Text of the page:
FPIN's Help Desk Answers

Pharmacologic Therapy for Heart Failure

 

Am Fam Physician. 2019 Jul 1;100(1):49-50.

Clinical Question

Should physicians use a combination of an angiotensin-converting enzyme (ACE) inhibitor and an angiotensin receptor blocker (ARB) in patients with heart failure?

Evidence-Based Answer

Compared with monotherapy, the combination of an ACE inhibitor and an ARB has not been shown to improve cardiovascular or overall mortality in patients with symptomatic heart failure. The combination is associated with an increased number of adverse drug effects. (Strength of Recommendation [SOR]: A, based on a meta-analysis and randomized controlled trial [RCT].)

Evidence Summary

A 2012 meta-analysis of 24 RCTs evaluated the use of ARBs in patients who had symptomatic heart failure with left ventricular systolic dysfunction (left ventricular ejection fraction [LVEF] 40% or less) and preserved ejection fraction (LVEF greater than 40%).1 The meta-analysis included studies comparing ARBs vs. placebo, ARBs vs. ACE inhibitors, or ACE inhibitors plus ARBs vs. ACE inhibitors alone. The dual vs. monotherapy comparison comprised 8,260 patients (20% women) with a mean age of 63 years (range: 60 to 66 years) and a mean LVEF of 27% (range: 20% to 29%). Primary outcomes included total mortality (cardiovascular and noncardiovascular), cardiovascular morbidity (myocardial infarction, stroke), total hospitalizations, and withdrawal due to adverse drug effects. There was no difference in total mortality (seven studies; n = 8,260; relative risk [RR] = 0.98; 95% CI, 0.90 to 1.06) or cardiovascular mortality (two studies; n = 7,558; RR = 0.93; 95% CI, 0.84 to 1.03) between the groups. There was a significant decrease in the number of myocardial infarctions in the combination therapy group (one study; n = 2,548; RR = 0.64; 95% CI, 0.44 to 0.92) and a decrease in the risk of hospitalization for heart failure (two studies; n = 2,989; RR = 0.81; 95% CI, 0.74 to 0.89). Compared with the monotherapy group, the dual therapy group had a significant increase in the number of patients who withdrew because of adverse drug effects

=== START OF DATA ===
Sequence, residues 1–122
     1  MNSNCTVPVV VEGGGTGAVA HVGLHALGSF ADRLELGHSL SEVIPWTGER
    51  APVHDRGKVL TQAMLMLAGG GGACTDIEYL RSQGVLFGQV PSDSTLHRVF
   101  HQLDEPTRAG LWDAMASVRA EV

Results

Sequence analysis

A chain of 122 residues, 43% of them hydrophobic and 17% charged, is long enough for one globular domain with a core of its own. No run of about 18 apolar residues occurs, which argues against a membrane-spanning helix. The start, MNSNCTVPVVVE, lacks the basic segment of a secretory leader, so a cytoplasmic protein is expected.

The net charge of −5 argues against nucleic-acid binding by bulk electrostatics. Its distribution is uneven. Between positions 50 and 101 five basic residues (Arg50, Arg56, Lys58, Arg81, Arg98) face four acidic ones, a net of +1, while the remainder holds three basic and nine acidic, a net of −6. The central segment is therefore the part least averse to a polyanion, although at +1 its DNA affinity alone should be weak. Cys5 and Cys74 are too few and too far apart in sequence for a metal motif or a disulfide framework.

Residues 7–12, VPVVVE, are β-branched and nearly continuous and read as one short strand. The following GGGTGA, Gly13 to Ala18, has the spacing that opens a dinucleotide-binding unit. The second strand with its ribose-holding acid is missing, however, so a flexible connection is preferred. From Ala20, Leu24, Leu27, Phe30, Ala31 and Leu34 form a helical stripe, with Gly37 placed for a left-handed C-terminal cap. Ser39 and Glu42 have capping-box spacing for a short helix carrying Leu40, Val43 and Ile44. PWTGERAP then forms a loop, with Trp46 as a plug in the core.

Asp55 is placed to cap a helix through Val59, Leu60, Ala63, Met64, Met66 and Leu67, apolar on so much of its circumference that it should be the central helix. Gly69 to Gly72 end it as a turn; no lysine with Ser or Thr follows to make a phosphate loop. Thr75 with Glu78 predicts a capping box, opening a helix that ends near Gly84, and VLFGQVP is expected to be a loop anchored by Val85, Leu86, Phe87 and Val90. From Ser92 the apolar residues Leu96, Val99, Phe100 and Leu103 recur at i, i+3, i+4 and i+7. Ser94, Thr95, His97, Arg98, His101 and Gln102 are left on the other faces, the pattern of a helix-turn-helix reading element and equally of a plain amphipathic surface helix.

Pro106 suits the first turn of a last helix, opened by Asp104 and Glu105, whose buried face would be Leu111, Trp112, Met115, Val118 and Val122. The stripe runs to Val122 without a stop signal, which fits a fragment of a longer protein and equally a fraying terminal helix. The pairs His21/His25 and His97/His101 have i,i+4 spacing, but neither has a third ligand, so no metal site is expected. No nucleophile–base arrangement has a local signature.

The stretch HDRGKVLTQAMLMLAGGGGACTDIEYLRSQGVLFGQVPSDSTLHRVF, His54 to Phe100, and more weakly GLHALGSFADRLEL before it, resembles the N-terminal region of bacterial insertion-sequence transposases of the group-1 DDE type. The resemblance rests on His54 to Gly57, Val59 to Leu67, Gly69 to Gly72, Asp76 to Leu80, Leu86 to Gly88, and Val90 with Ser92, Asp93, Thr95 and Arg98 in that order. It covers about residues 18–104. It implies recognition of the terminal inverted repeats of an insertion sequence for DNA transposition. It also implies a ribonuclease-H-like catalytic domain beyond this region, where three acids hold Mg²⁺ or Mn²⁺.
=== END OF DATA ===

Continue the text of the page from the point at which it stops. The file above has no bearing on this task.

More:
Address correspondence to Scott Christensen, MD, at scott.christensen@fmridaho.org. Reprints are not available from the authors.

Author disclosure: No relevant financial affiliations.

References

1. Heran BS, Musini VM, Bassett K, Taylor RS, Wright JM. Angiotensin receptor blockers for heart failure. Cochrane Database Syst Rev. 2012;(4):CD003040.

2. Kum LC, Yip GW, Lee PW, et al. Comparison of angiotensin-converting enzyme inhibitor alone and in combination with irbesartan for the treatment of heart failure. Int J Cardiol. 2008;125(1):16–21.

3. Yancy CW, Jessup M, Boskurt B, et al. 2013 ACCF/AHA guideline for the management of heart failure: executive summary. Circulation. 2013;128(16):1810–1852.

Help Desk Answers provides answers to questions submitted by practicing family physicians to the Family Physicians Inquiries Network (FPIN). Members of the network select questions based on their relevance to family medicine. Answers are drawn from an approved set of evidence-based resources and undergo peer review. The strength of recommendations and the level of evidence for individual studies are rated using criteria developed by the Evidence-Based Medicine Working Group (https://www.cebm.net).

The complete database of evidence-based questions and answers is copyrighted by FPIN. If interested in submitting questions or writing answers for this series, go to https://www.fpin.org or email: questions@fpin.org.

This series is coordinated by John E. Delzell Jr., MD, MSPH, Associate Medical Editor.

A collection of FPIN's Help Desk Answers published in AFP is available at https://www.aafp.org/afp/hda.

 

 

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